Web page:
The ability of Marvel’s various creative forces to come up with interesting and potent new characters even this far down the line is something to be celebrated.
In a fictional universe overflowing with good guys, bad guys, medium guys, super-teams, secondary teams and every obscure face or personage inbetween, you’d think coming out with even more characters would be a tricky affair.
Much of the time it probably is; the list of newly-invented characters that have quickly faded into relative obscurity would be a long one. But there have been a handful of really good and long-term promising characters emerging in recent times; a prime example is the Spiderman spin-off ‘Silk’.
Dan Slott and Humberto Ramos created the character of Cindy Moon last year in Amazing Spiderman #1 – 6, a character that was to be absolutely central to the big ‘Spider-Verse‘ storyline of late 2014. Following the wrap-up of that mammoth event, the launching of the Silk solo title has been one of the most talked about items among fans in the last few months.
Though I was actually reluctant to pick up on another new title, once I’d read bits of SpiderVerse and also some of Silk’s appearances in the first few Spiderwoman issues, I couldn’t resist.
She’s just such a cool character. Her look is terrific too; that’s a great get-up, and any time she mummifies herself with all that webbing (sorry, ‘silk’) looks incredibly cool.
Even the Silk ‘logo’ is pretty damn cool, if a bit trippy. But none of that is the main thing; the main thing is that she’s just Got It as a character. Whatever ‘It’ is, Cindy Moon has it.
In Cindy Moon we have a really rich new character with a substantial backstory, a well-developed emotional core and an irresistible, witty repertoire, all of which makes her both interesting enough and likable enough to carry her own series.
The first couple of issues of this series, while not overly elaborate (I’m guessing after ‘Spider-Verse’, no one really wants ‘overly elaborate’ anyway), do a nice, neat job of establishing her on her own and getting us into her head-space. I had wondered, when reading the first few issues of the Spiderwoman solo series, whether Silk would be as entertaining on her own as she was playing off Jessica and other characters.
The answer is probably ‘no’; her interacting with Jess and others in those comics was more enjoyable. However, having her go solo necessitates that she can stand on her own in a title and try to find her identity.
With SpiderVerse wrapped up, Cindy is now in New York trying to find her place in life again, after years of isolation. From the very opening page, jumping right into the action, it feels like vintage Marvel; like classic superheroing that could be read in virtually any era. That opening page of #1, filled with a single image of Silk superheroing against a faceless villain (Dragonclaw) against the backdrop of the New York skyline, with just the word/thought ‘Finally’; it leads us in beautifully, a suitably simple and scaled-down way to have us find our feet as readers while we watch Silk trying to find her feet as a hero and a character.
The style and the art may feel like it has a touch of juvenality to it, but in a good way that entirely fits the character, the themes and the tone that the writers are going for.
#1 establishes this new life in New York, and her motivations and preoccupations, centering largely around her search to find her family. That family/personal-life side of things is thus far a little on the uninteresting side, but could build to something much more intriguing by the looks of it.
The flashbacks to scenes of Cindy’s childhood and younger life, while again not especially interesting, are perhaps a necessary fleshing out of gaps in our knowledge of the character and her backstory.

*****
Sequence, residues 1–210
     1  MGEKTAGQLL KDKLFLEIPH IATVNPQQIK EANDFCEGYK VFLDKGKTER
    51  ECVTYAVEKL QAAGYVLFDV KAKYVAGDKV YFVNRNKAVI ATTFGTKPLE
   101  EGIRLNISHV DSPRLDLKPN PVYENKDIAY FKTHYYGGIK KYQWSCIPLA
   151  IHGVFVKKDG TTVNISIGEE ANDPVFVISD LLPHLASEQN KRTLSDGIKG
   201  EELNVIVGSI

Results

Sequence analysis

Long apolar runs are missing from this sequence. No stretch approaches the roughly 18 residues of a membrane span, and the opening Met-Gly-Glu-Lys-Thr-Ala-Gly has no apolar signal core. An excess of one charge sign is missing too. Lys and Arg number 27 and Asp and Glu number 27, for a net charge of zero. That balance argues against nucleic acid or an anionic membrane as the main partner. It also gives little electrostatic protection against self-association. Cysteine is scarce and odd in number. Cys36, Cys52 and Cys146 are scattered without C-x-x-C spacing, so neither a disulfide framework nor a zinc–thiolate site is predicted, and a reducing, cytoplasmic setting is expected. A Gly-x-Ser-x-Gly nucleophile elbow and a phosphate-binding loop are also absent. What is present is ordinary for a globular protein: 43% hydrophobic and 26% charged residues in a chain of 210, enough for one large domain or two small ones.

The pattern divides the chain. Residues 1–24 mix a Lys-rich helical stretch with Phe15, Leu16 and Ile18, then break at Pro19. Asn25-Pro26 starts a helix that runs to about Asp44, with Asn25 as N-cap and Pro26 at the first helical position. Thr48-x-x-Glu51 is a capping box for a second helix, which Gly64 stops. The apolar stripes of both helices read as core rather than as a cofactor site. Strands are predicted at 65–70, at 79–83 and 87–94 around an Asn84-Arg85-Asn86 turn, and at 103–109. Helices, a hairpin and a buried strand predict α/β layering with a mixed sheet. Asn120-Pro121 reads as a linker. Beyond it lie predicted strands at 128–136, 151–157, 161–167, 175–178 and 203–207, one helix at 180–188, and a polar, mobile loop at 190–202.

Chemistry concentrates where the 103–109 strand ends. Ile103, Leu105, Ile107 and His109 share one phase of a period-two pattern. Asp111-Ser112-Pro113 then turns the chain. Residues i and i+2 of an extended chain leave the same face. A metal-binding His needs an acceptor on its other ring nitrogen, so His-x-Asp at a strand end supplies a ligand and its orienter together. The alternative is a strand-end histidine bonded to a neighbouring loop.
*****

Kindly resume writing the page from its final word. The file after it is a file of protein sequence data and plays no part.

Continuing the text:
Silk is essentially the female Spiderman, if we’re basic about it; not just in terms of powers, but in terms of personality and general disposition. Even Cindy taking a newspaper job echoes old-timey Peter Parker and The Daily Bugle (there’s also a nice JJ Jameson cameo). She is an amateur, awkward and Bambi- like in her approach. While that isn’t exactly a dynamic we haven’t seen before in other comics, Silk herself is such a likeable and sympathetic character that it works and doesn’t get boring.
That juvenile edge is present in the dialogue too, but entirely in keeping with classic Spiderman. “Is Pokemon still a thing?” she asks, fumbling through an encounter with a low-level villain, who she thereafter refers to only as “Pokemon dude”.
These early issues are characterised by the fact that Silk doesn’t really know what she’s doing and isn’t a master at this costumed hero business. This is again reminiscent of classic Spiderman/Peter Parker, which is no doubt an intentional homage to some extent.
Her family has disappeared without any trace, and this is naturally one of her chief concerns now that she’s back in the real world. Cindy meanwhile in her civilian life has gotten an intern job working for J. Jonah Jameson at The Fact Channel, hoping that this might help her track down her family.
This twist of Cindy working as a journalist of sorts and pitching stories on her own alter-ego as Silk is a bit of a cliche of course, evoking Peter Parker or Clark Kent among others; but when something’s done well enough, it doesn’t really matter. And what wouldn’t be cliched anymore anyway?
Also, the sense is that this element of her story is actually, again, more a knowing homage to those traditions rather than a rip.
Cindy’s inner monologue is one of the key things that makes this book work, getting us into her head-space and allowing her personality to be conveyed vividly. ‘Falling: Bad. Inner monologuing: Hard’. In fact, thinking about it, without this inner monologue, this would be a very different comic and wouldn’t beanywhere near as readable. In some comics you find that this inner-thought narrative can be distracting or overly wordy, but in others it proves vital; and this is one of the latter cases.
My entire understanding of Silk as a character, and my fondness for her, is based almost entirely on this inner monologue and not on her actions or actual spoken exchanges.
There’s a poignancy and realness to her going back to her old bunker, overwhelmed by her new life and the unfamiliar world. That really feels like something that rings true for someone who’s only known one environment for so long; even if that environment wasn’t necessarily a nice one, there must be a psychological reflex in retreating back to it when the outside world becomes too overwhelming. And also someone isolated for that long would of course find re-integration into the larger world very difficult and would find interactions awkward.